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Home / World / The Pope called for “vaccinations for everyone” in his Christmas message; the Italian team ends the blockade; Japan has 5 cases of British variants

The Pope called for “vaccinations for everyone” in his Christmas message; the Italian team ends the blockade; Japan has 5 cases of British variants



USA Today has been following the news about COVID-19 because since the death was first reported in February, two vaccines have been fighting the United States against a virus that has killed more than 329,000 Americans. Continue to refresh this page to get the latest updates on vaccine distribution, including who is getting the vaccine, where is the vaccine, and other COVID-19 news on the USA Today network.Register our Coronavirus watch newsletter Send updates directly to your inbox, Join our Facebook group Or scroll through Our in-depth answers to readers’ questions Everything you need to know about the coronavirus.

In the title:

►Japan has confirmed the first five new variants of the coronavirus discovered in the UK. Health Minister Norihisa Tamura said that the five arrived from the UK from December 1

8 to December 21. Four of the five were asymptomatic, but a man in his sixties felt tired.

►Francis Pope (Pope Francis) called on Christmas Day to “vaccinate everyone, especially the most vulnerable and most in need,” and they should be ranked first. Francis made the current remarks in his traditional “Urbi et Orbi” blessing.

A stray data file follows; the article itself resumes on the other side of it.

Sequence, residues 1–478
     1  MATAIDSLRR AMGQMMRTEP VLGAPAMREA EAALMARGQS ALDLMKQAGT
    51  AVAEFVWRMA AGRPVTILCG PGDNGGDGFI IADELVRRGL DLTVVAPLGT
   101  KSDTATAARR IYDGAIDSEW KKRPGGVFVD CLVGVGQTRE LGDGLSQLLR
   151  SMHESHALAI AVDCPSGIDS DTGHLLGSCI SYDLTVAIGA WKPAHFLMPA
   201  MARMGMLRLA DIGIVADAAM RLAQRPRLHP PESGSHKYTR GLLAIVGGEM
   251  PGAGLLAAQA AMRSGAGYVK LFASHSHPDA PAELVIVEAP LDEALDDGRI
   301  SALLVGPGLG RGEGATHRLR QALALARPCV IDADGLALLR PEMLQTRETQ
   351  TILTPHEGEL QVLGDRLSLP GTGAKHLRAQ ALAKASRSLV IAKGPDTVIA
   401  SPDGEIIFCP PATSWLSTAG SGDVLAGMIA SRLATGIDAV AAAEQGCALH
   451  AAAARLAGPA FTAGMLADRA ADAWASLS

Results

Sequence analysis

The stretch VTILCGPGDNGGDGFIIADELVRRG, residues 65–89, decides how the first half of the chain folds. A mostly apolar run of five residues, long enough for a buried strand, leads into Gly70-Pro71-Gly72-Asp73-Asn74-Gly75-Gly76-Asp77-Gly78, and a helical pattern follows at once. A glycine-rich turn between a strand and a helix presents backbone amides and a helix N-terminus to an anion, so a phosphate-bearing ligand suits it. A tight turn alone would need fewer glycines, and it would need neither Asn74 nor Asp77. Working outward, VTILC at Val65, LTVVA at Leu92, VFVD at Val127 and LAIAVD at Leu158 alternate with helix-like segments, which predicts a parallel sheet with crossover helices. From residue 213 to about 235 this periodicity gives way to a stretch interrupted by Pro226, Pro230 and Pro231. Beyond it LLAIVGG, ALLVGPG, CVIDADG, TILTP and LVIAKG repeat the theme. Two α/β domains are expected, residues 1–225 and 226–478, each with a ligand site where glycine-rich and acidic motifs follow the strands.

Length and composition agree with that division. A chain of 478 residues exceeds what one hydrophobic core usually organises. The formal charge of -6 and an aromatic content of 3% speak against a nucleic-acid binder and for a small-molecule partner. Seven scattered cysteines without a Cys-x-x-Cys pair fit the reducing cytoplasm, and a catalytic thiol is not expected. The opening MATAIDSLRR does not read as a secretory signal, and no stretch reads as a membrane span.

►Italy has entered into holiday restrictions until January 6, with the purpose of restricting gatherings. Worldwide, festival celebrations have been reduced or completely cancelled.

►The influential COVID-19 model of the Institute for Health Metrics and Evaluation warned this week that given the current scale of the virus in the United States, if no action is taken, the daily The death toll may reach 5,000 in February, a Wednesday briefing project.

►Republicans on Thursday blocked efforts to increase direct payments to stimulate Americans from $600 to $2,000. Democrats say they will work hard to push for a rate hike after President Donald Trump said this week that he wants to issue a bigger direct check.

►The US Transportation Security Administration said it screened 1,191,123 people with pandemic records at airports across the country on Wednesday. Although the total on Wednesday is still 38% lower than the same day a year ago (Christmas), this is the fourth day during the peak of the Christmas holiday, and the number of tourists has exceeded 1 million.

►As promised, the federal government will deliver nearly 20 million doses of the COVID-19 vaccine in December, but the states have taken much longer than expected. This is the official evaluation of immunization.

📈 Today’s numbers: According to data from Johns Hopkins University, there are more than 18.6 million confirmed coronavirus cases and 329,000 deaths in the United States. Global total: more than 79 million cases and 1.7 million deaths.

Here are the hot news today:

U.S. requires air passengers departing from the U.K. to undergo negative COVID-19 testing

The Centers for Disease Control and Prevention announced Thursday evening that the United States will require air passengers departing from the United Kingdom to provide a negative coronavirus test within 72 hours before departure.

This move occurred because more and more countries are rapidly spreading a new variant of the coronavirus in London and elsewhere, thereby banning British travelers.

After British Prime Minister Boris Johnson said that the transmission rate of the coronavirus variant could increase by 70%, Canada and dozens of other counties announced new restrictions on British travelers, and they spread rapidly in London and surrounding areas. Shock.